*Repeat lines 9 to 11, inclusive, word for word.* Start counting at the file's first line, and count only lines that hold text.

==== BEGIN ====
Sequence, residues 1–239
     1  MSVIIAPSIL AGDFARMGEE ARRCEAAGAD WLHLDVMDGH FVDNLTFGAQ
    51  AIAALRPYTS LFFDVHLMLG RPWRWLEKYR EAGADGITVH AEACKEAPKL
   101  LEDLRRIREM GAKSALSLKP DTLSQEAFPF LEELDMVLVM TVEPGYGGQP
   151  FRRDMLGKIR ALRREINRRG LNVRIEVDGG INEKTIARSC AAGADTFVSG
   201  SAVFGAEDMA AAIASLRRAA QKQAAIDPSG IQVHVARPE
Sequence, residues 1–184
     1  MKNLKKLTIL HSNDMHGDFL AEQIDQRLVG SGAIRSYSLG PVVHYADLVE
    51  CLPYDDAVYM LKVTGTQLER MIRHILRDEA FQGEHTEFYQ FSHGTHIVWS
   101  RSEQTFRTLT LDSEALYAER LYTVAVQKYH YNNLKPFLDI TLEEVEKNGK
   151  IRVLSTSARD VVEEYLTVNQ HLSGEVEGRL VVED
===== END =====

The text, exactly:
    51  CLPYDDAVYM LKVTGTQLER MIRHILRDEA FQGEHTEFYQ FSHGTHIVWS
   101  RSEQTFRTLT LDSEALYAER LYTVAVQKYH YNNLKPFLDI TLEEVEKNGK
   151  IRVLSTSARD VVEEYLTVNQ HLSGEVEGRL VVED